Persistent Pluriformity of Prebiblical Texts (3)

Implications of Dead Sea Scrolls Pluriformity

While there was no “the Bible” during the Second Temple period, the state of the texts that would eventually be included in the Hebrew Bible, and later in the Christian Old Testament, was one of pluriformity. This reality has significant implications for: (1) the importance of every form of the prebiblical texts and text families; (2) the authority and canonization of Jewish and Christian scripture; (3) for the goals of biblical textual criticism; (4) the doctrines of inerrancy and inspiration; and (5) translation and exegesis. As Ulrich states, “The new evidence provided by the Scrolls, much older and much closer to the origins of Judaism and Christianity, requires a paradigm shift. We must start with our old categories and questions, but we must let the Scrolls correct our vision toward newly refined categories and more precise questions.”[1] In the remaining sections of this chapter, we will discuss some “newly refined categories” and entertain “more precise questions.”

Persistent Pluriformity as Evidenced by Ancient Translations

From the last few centuries BCE through the first few centuries CE, the prebiblical texts were translated into various languages, “the most important of which are Greek, Aramaic, Syriac, Latin, and Arabic.”[2] These translations were very important since very few people actually were able to read Hebrew in the latter half of the Second Temple period.  The Greek (initially) and the Aramaic translations were especially important for Judaism, as were the Greek and Latin translations for nascent and early Christianity.  These translations, today, are important for reconstructing the Hebrew parent texts which can tell us something about the nature of the Hebrew texts at the time of translation. That is because the earliest Greek versions of the Hebrew Bible are centuries older than the oldest complete Hebrew versions.

Before considering each of the most important early translations, there is the need for some clarity regarding what a translation is and what evidence it might or might not reveal about its parent text or Vorlage. First of all, that particular texts were translated was a clear indication of their importance (authority) within the groups who made and/or utilized those translations. Only a small minority of people were literate to start with and even less were sufficiently multilingual to be able to translate from one language to another. Precious time, money and limited human resources would not have been spent on insignificant texts. For example, the first books to be translated from Hebrew to Greek (in the mid-3rd century BCE), were the five that make up the Torah. As Ulrich notes, “Again, this unprecedented fact of translation may be a strong indicator that the Torah had become regarded as authoritative Scripture. … These texts concerned not only the past; they were in some way authoritative for guiding the people’s life and thinking about the present and the future.”[3]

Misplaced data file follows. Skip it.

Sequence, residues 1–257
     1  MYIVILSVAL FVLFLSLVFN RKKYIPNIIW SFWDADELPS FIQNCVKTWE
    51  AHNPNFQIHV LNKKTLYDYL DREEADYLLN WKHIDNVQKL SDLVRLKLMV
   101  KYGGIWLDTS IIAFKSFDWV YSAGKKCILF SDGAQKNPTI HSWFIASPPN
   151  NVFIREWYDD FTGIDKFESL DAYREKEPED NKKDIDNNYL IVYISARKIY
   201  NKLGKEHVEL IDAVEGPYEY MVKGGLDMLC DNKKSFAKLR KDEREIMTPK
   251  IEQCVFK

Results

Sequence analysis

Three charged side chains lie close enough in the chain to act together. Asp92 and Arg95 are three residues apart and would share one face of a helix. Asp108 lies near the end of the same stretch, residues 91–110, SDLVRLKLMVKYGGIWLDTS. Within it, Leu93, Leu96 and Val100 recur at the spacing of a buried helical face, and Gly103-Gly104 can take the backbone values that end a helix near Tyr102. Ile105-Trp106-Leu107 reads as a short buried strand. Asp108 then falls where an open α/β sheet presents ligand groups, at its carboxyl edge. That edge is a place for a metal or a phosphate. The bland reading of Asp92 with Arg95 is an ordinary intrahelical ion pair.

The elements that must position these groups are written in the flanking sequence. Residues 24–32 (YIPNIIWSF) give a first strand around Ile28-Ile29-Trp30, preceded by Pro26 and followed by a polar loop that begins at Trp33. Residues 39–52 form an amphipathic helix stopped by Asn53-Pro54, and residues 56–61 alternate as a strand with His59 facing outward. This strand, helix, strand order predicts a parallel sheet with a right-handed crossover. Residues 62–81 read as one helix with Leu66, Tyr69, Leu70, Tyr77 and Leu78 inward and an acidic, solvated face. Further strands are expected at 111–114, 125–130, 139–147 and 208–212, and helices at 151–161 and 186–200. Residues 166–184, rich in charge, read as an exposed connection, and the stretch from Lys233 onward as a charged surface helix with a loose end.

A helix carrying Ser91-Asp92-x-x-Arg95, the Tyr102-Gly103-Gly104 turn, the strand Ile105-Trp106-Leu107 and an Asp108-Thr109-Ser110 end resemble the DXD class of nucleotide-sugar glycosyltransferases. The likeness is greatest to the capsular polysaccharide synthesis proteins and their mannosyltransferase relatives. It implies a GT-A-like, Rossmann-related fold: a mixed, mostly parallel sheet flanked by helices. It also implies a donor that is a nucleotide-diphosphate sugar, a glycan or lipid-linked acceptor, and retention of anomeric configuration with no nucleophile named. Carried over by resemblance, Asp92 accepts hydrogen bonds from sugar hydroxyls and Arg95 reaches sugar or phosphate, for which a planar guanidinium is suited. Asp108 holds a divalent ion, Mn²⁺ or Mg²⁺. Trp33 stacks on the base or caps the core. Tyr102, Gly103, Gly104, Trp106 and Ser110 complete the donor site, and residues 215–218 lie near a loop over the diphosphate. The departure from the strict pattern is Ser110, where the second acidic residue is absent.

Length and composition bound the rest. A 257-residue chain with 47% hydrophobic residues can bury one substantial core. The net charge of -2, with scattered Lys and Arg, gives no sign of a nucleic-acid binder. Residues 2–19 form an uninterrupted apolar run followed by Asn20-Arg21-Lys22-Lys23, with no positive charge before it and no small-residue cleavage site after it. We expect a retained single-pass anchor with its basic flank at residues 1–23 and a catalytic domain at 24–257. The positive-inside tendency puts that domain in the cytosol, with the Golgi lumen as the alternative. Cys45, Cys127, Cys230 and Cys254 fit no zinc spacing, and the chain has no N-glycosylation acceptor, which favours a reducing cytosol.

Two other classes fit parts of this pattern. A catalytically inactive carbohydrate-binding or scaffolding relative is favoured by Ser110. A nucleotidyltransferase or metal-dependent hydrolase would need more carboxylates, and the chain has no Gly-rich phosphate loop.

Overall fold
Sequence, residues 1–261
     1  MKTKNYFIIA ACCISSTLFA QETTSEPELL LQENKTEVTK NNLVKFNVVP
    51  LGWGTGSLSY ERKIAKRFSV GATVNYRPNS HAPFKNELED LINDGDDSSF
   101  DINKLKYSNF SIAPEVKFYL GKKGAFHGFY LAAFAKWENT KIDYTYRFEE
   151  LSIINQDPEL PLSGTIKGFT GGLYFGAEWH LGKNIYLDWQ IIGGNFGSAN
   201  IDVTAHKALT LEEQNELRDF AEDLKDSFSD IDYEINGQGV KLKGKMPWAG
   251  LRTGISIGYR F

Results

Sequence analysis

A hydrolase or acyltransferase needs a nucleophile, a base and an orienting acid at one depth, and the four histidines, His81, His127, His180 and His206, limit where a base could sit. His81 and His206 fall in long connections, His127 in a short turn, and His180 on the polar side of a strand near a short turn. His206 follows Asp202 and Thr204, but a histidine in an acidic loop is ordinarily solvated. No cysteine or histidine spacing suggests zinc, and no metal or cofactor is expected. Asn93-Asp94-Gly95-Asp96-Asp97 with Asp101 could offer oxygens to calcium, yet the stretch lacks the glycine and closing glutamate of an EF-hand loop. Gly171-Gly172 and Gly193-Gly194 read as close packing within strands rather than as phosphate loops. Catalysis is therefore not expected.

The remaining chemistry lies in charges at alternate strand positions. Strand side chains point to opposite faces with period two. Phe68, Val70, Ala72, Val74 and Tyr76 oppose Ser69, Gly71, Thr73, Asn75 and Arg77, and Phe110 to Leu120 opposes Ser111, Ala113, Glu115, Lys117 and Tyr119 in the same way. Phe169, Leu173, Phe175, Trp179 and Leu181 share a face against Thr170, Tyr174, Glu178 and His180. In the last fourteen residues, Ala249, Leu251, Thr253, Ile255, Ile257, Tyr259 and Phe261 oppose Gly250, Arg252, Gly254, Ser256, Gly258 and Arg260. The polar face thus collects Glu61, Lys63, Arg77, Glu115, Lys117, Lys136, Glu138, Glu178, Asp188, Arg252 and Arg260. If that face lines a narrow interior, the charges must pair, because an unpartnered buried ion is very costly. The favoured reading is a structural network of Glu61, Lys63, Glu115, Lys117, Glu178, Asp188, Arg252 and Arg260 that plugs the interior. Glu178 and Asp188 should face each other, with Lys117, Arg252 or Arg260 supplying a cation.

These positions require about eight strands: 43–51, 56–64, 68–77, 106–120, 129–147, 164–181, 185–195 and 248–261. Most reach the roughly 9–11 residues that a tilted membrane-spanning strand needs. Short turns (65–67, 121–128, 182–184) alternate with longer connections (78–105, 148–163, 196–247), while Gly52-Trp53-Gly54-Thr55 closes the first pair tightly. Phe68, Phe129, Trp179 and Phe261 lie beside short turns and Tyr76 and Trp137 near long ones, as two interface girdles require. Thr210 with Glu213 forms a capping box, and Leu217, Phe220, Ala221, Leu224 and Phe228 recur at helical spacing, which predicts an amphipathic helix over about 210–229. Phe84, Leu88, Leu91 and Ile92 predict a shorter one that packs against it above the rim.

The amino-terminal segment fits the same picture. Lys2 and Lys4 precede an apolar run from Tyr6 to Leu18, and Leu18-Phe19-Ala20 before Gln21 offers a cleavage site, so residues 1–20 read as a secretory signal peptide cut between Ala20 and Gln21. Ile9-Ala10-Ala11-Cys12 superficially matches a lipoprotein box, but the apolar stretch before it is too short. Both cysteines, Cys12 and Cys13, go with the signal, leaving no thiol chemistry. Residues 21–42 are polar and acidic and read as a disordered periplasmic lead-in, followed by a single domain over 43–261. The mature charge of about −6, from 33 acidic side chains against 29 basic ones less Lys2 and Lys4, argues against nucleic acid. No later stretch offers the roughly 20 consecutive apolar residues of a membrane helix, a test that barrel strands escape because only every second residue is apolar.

Secondly, these translations demonstrate significant differences when compared to the Hebrew texts we possess. The question must be asked and then attempts must be made to determine, as much as possible, whether these differences are the result of unconscious translator errors, conscious translator changes (additions, deletions, etc.), or variants present in the Hebrew parent texts. Given the evidence of the DSS that there were variant Hebrew versions of many prebiblical texts circulating during the Second Temple period, it would be fair to assume that at least some of these differences represent differences in the translators’ parent texts–that is, that the translators were doing their best to translate from their parent texts as accurately as possible and thus clearly demonstrate the pluriformity of Hebrew texts which existed. Thirdly, since all translation involves interpretation, whatever the explanations offered for the variants, these differences also could be indicative of predominate theologies at the time of translation. In other words, the translators understood the meaning of the Hebrew text in a certain way and thus were influenced to translate in a way that made the most theological sense to their intended audiences. As Molly Zahn so succinctly notes, “[A]ll translation requires countless interpretive decisions in order to negotiate the inevitable distance between the linguistic and cultural context of the source text and that of the translation. … [Thus] translators must also make myriad decisions concerning grammar, syntax, meter, tone, register, readability, and on and on.” [4] To relegate these translations to some kind of imaginatively recreated “original” Hebrew text because of the significant differences that exist demonstrates ignorance of the challenges of translation and is insulting of the abilities and integrity of these translators. We must take these translations seriously, as did the early Christians, and consider them objectively as representative of the pluriformity of Second Temple period Hebrew versions of the prebiblical texts.


[1] Eugene Ulrich, The Dead Sea Scrolls and the Developmental Composition of the Bible, VTSup (Leiden: Brill, 2015), 15.

[2] Tov, Textual Criticism, 115.

[3] Ulrich, Developmental Composition, 8.

[4] Zahn, Genres of Rewriting, 140.

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